You went to Cambridge to do a doctorate…

Yes, on beatific vision and St Thomas Aquinas. And one day I’ll publish it. I still read books on ontological metaphysics…

Is that where you first met John Milbank and became involved with Radical Orthodoxy?

Yeah! And I think he’s been a profound influence on me – but Rowan Williams’ theological work is also, I think, profoundly important and instructive, and then there’s a whole range of British thinkers from Donald McKinnon to Grace Davie.

What was it that Christian thought gave you that more secular or narrowly philosophical explorations did not?

I think the profoundest thing I read, other than Aquinas, was Henri de Lubac’s Surnaturel [1946], and what I learnt from him was that Nature itself is a religious category and secularity was originally a theological move – a heretical one – achieved most explicitly, for me, by William of Ockham, out of a sense of piety. He thought that if God was in some way related to the world, the world constrained and limited God; and so we had to make it independent. But once you separate the world from God, you separate it from its transcendent origin and you claim that you can explain it apart from God. And, for me, the kind of intellectual revelation was that you could bring explanations of the world and explanations of God back together again. And that’s what Radical Orthodoxy does, and that I profoundly agree with.

So, for me, once you have said that explanation of the world lies in explanation of God, and once you then can renarrate the world in the light of its [ultimate purpose], you can do the same for politics and for education and you can do the same for human beings. (I think one of the things I’ve learnt in much later life is that actually without teleology you can’t achieve anything. You can’t even achieve a society.) And that for me heals the breach that liberalism introduced.

Liberalism says: Well, in effect we can’t know anything beyond our own will (and we probably don’t even know our own will). And because we can’t know anything, we can’t form any form of association that would be authentic to us, not just with animate creatures but with the inanimate; and therefore we can’t in any sense build group or social identity that can achieve any end whatsoever. And what that then means is, essentially, the world is left at the mercy of powerful individuals, who inevitably will dominate all other individuals and create not liberty but ever more unpleasant forms of totalitarianism. So, I am of the school that says if you have liberty as first philosophy, you’ll have totalitarianism as final outcome.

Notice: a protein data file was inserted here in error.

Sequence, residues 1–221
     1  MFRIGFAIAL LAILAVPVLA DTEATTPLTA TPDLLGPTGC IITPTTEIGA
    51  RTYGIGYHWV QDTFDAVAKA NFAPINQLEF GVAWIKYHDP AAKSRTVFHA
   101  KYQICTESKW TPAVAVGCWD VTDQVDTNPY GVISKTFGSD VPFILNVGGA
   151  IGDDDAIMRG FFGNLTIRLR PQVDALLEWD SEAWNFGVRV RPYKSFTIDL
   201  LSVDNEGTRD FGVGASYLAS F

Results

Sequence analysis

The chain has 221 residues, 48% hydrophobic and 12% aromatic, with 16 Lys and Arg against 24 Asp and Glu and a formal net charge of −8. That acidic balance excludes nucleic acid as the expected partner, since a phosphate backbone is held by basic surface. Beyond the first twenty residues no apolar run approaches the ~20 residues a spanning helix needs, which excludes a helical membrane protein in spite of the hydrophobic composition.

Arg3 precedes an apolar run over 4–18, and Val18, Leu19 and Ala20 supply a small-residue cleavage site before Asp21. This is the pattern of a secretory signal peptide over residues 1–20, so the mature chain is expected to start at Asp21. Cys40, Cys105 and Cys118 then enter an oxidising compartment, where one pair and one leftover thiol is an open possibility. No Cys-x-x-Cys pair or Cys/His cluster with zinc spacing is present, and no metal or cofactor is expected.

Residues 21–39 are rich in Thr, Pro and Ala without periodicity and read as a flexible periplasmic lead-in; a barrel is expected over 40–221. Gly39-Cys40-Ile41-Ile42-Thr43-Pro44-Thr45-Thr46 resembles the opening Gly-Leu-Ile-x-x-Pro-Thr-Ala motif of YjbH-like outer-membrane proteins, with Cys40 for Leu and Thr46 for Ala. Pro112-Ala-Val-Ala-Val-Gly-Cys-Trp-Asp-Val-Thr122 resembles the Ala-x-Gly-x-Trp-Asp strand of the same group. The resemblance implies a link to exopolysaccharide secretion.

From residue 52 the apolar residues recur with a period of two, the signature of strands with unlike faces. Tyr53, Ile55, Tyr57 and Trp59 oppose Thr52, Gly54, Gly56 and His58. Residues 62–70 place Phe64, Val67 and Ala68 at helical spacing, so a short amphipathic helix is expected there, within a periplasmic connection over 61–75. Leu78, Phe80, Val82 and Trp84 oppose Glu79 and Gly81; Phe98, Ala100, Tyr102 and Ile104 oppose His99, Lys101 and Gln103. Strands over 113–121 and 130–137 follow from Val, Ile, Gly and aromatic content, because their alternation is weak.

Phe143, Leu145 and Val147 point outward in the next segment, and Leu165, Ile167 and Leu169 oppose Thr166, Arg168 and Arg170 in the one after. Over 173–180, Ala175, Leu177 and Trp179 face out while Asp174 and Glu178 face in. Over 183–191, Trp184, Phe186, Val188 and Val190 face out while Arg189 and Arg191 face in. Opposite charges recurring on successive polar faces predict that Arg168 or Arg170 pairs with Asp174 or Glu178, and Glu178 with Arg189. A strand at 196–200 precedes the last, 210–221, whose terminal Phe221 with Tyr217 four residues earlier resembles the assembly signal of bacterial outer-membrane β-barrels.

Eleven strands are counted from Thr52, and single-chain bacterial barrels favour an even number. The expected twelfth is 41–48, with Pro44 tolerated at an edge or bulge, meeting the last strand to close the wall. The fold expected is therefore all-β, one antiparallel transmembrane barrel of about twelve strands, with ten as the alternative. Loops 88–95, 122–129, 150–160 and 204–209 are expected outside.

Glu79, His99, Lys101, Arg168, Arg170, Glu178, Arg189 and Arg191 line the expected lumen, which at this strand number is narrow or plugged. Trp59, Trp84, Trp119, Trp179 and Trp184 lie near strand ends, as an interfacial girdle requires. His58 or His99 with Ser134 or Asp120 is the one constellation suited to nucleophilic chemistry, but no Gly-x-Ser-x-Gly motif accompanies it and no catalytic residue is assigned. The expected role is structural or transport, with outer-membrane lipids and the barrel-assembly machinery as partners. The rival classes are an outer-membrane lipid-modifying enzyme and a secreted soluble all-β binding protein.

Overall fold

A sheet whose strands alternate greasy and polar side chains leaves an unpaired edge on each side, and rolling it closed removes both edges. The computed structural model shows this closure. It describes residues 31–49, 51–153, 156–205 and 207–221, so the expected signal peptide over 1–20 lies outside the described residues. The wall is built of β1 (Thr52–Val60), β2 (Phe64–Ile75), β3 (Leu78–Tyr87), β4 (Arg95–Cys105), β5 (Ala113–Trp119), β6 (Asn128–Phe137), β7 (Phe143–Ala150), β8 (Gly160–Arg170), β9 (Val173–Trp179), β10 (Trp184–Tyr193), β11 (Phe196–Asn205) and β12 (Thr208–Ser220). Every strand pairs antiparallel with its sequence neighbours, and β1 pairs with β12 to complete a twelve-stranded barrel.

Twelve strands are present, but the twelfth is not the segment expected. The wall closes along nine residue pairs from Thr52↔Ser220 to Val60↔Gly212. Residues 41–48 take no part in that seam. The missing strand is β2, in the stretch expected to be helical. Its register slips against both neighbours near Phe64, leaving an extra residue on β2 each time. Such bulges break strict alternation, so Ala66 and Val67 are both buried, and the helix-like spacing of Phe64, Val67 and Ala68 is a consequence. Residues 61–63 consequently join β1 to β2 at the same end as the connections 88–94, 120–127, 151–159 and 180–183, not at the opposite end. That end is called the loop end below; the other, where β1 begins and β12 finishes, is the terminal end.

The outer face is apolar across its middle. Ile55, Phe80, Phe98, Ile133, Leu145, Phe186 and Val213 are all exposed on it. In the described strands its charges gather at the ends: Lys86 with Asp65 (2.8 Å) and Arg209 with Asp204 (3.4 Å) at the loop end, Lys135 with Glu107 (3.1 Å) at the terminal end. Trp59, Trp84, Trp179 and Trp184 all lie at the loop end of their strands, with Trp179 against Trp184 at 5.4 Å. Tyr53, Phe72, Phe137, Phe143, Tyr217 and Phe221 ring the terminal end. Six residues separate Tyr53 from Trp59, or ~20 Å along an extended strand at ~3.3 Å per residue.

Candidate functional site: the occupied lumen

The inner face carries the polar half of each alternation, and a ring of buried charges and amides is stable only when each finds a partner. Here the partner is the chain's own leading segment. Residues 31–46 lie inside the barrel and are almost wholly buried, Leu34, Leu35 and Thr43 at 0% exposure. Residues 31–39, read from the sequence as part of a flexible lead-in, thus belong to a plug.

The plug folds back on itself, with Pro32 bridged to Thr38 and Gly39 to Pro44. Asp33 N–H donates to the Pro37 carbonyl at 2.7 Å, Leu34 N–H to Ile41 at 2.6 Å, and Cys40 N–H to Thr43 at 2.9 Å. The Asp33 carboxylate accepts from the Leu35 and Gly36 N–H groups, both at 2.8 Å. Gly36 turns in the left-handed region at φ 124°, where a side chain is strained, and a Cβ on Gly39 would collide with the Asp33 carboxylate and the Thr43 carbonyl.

From Cambridge you went, via Exeter, to Cumbria – a long way, in every sense, from the centre of public life. How did your ideas develop there?

All I did in that period, really, was just read, very widely: economics, history, anthropology, technology. And I looked at the Canadian political tradition, at Gad Horowitz and his notion of ‘red Toryism’, and I thought: No, that’s not what I want. I’m not for welfare, it’s kind of statism. But then I thought: What’s the best of the left? The best of the left, before it was ruined by Marx and statism and Fabianism, is the idea that poor people don’t need to be poor. I agree with that. I agree with that profoundly. That’s the red part of me.

But only a radical conservatism can really create the conditions to meet that end. Only a form of – I don’t like the term ‘social conservatism’, because it suggests that you’re making war on gay people or on one–parent families, so I now use the phrase ‘social conservation’: we need to preserve human beings and their relationships – only a form of social conservation plus genuine free–market economics, breaking open monopolies and oligopolies, would actually deliver the world we need.

How did you come to end up in the Westminster village?

I was a genuine outsider – I knew nobody and nobody knew me – but in 2008 I got a break to start writing for the Guardian (and I’m very grateful to the Guardian for that). I wrote several articles about the sort of radical conservatism we needed, and that attracted attention. The Conservatives got in touch with me, I met David Cameron – and you know the rest.

Were you happy to leave academic theology behind?

I don’t think it was my métier. I had some good ideas, but I think it wasn’t the right way for my mind to go. As soon as I do political and social thinking, I think I’m able to solve problems very quickly – at least in my own mind! And all of that reading for nearly a decade came together and it became quite a powerful position.

How was your ‘red Tory’ thinking received initially?

I think the Conservatives were hugely receptive. David Cameron sort of launched me twice, at Demos and then with ResPublica: which I’m very grateful to him for.

I think there’s a huge appetite for the ideas, though very few people like the phrase ‘red Tory’…

Why not?

Well, it’s got ‘red’ in it. It’s really as simple as that. But I think that actually, you know, the influence of the book has been remarkable. Everybody’s read it, not just in Britain but around the world. I’ve visited America quite a few times and people there really like the ideas, so we are writing a US version now.

You know, the only reason we’ve got so far – and boy, have we got far! Imagine if I’d published this, like, 10 years ago! I’d be a nice little footnote in good people’s reading lists and that’s it. Whereas now – and I’m not saying this in a boastful way – we’re consulted by virtually every European government, and in the East and in Latin America. I’m going to Australia again soon, and America. These ideas have gone global already – and ideas only go global when you capture something, an intuition that people have had [before] but have never previously articulated.